In the past year, over 18,000 patients have battled antimicrobial-resistant infections in Canadian hospitals. The number of deaths in Canada due to Clostridium difficile is now almost four times what it was in 1997. Antimicrobial-resistant organisms cost Canadians $1 billion annually.
As medical students, we are aware that patients suffer tremendously and even lose their lives to bugs that were once easily treatable with antimicrobials but are now resistant. More than 100 patients a year die from resistant bacterial infections in Canada. Antimicrobials remain overly used across the country.
It is evident that the Canadian government needs to start treating antimicrobial resistance like the health emergency that it is. The US is investing $1.2 billion into research and development to find new ways to tackle resistant bugs. In 2014, the UK announced a “War Cabinet” to do the same. Canada hopes to somehow keep up with these countries with a mere $4 million investment in research and very few concrete goals or plans.
Taking action on this issue could be a potential political win for Prime Minister Trudeau. The Auditor General’s report last spring emphasized the lack of action Canada has taken to combat resistance, including the absence of a concrete nationwide resistance strategy. Our new government has the opportunity to prioritize this problem and take steps to address the current shortcomings by developing a national antimicrobial strategy.
Research money in proportion to the US and UK funding should be directed at new drug development, but also other areas. We need funding to evaluate health interventions and ensure that they’re being adopted. It’s also vital that we invest in rapid diagnostics to ensure that patients who have drug-resistant infections can be isolated and treated early.
What can health providers, health managers and patients do to support a nationwide antimicrobial strategy? First, we should continue to be mindful of basic infection prevention. This includes strengthening our efforts to promote hand hygiene, safe sex, vaccinations, and food and water safety. It’s simple: when we don’t share bugs, we don’t need drugs.
Second, as health care providers, we need to stop prescribing antibiotics just in case symptoms are due to a bacterial infection. In 2013, 23 million antibiotic prescriptions were written for conditions mainly caused by viruses. This inappropriate and ineffective use of antibiotics drives resistance in bugs. We do not immediately administer clot-dissolving medications to all patients with chest pain just in case they are having a heart attack, nor do we administer chemotherapy to all patients with a palpable mass just in case they have a malignant tumour. We need to be as judicious with antibiotics as we are with other medical therapies.
Furthermore, as patients, we need to stop demanding that our physicians prescribe antibiotics needlessly. When our physicians prescribe antibiotics, we need to ask why and whether antibiotics are truly indicated. When we do need antibiotics, we need to take them as directed. Work on nation-wide public education and awareness of this issue is warranted, much like Canada’s previous work on tobacco education. This education could be delivered in schools, as well as via television, online and print media.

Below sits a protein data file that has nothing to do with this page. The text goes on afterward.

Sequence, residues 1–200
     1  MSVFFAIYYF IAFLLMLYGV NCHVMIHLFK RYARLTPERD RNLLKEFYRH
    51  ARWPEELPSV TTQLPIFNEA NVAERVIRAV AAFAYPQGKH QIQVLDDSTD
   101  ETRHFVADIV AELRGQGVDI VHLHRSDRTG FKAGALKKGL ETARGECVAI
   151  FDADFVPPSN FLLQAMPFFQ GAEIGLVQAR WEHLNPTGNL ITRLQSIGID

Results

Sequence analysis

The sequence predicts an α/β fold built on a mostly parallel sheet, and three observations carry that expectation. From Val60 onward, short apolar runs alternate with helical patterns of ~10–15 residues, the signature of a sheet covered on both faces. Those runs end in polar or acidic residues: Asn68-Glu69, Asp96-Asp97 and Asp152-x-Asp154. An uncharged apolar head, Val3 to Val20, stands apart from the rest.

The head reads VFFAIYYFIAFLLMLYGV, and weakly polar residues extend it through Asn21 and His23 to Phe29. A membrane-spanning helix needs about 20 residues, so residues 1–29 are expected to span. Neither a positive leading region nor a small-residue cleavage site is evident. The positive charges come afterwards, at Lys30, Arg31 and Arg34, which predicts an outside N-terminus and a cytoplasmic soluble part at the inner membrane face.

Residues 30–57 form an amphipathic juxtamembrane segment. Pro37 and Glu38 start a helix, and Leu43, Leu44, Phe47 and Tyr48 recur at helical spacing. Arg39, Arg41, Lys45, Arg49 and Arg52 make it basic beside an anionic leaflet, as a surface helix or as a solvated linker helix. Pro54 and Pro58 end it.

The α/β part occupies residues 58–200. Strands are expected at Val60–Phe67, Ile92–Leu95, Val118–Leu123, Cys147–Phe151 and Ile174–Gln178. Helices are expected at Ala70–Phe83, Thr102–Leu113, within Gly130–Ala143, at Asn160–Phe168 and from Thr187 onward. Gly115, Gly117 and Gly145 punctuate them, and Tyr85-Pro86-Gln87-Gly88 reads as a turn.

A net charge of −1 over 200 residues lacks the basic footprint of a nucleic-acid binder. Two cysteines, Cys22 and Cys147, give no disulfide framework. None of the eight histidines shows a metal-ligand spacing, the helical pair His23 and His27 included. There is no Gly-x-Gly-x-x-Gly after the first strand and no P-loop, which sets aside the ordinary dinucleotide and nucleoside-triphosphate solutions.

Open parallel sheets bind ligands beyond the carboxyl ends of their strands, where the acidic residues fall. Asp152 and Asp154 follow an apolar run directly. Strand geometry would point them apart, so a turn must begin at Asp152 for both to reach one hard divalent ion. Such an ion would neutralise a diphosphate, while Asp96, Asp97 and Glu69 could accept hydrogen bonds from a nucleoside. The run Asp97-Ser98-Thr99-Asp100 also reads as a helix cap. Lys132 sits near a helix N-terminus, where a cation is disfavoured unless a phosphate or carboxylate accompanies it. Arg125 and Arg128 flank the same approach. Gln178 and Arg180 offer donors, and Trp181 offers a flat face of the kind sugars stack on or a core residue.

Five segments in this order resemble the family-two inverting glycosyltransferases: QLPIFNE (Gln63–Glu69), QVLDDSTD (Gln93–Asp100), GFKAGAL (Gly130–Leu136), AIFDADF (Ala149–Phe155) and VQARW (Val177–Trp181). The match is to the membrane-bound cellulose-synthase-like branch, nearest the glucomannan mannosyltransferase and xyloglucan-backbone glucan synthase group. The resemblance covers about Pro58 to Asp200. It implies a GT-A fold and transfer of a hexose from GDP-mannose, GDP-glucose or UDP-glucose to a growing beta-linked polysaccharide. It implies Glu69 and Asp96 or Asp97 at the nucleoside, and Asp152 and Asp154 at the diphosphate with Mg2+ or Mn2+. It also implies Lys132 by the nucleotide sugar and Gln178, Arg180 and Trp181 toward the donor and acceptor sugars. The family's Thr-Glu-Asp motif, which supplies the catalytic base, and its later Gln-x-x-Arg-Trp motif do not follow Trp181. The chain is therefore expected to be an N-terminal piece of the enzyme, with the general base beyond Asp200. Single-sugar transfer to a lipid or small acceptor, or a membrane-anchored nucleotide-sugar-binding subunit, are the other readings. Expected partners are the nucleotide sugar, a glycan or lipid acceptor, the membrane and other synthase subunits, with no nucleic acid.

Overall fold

Third, we need to expand antimicrobial stewardship programs in our hospitals and health care settings. A Canada-wide, coordinated effort, including physicians, pharmacists, nurses, dentists, other health providers, patients and policy makers is essential for reducing the acquisition of antimicrobial-resistant bugs. Stricter guidelines must be set and enforced and resistance patterns and rates must be monitored more vigilantly to reduce spread.
The importance of antimicrobial stewardship must be discussed at all levels of care, from students like us, who will be the next generation of prescribers, to department heads. Currently, medical education of antimicrobial resistance is sparse and inconsistent in medical schools, which is why we lead a national student organization aimed at addressing the gap.
And finally, Canada needs to begin more formal and concrete conversations with other countries to determine how the world can work together to curb global resistance rates, strengthen global surveillance, and regulate antimicrobials. These discussions may also include antimicrobial overuse in agriculture, which some European countries have taken concrete steps to address. Some have suggested developing new types of incentives to motivate drug development, while others have encouraged the adoption of an international legal framework. We are falling behind international efforts on this issue. We don’t live in a vacuum. We live in a global community where travel facilitates the rapid spread of bugs worldwide. Now is the time for Canada to work with global partners to develop a coordinated, effective response to antimicrobial resistance.
It is Canada’s duty to wake up and start making some serious changes. It starts with the actions of each Canadian, but it is integral that our institutions, health systems, and government work together to preserve this precious resource. If we do not, it is not a question of whether we will find ourselves in the post-antibiotic era; it is a question of when.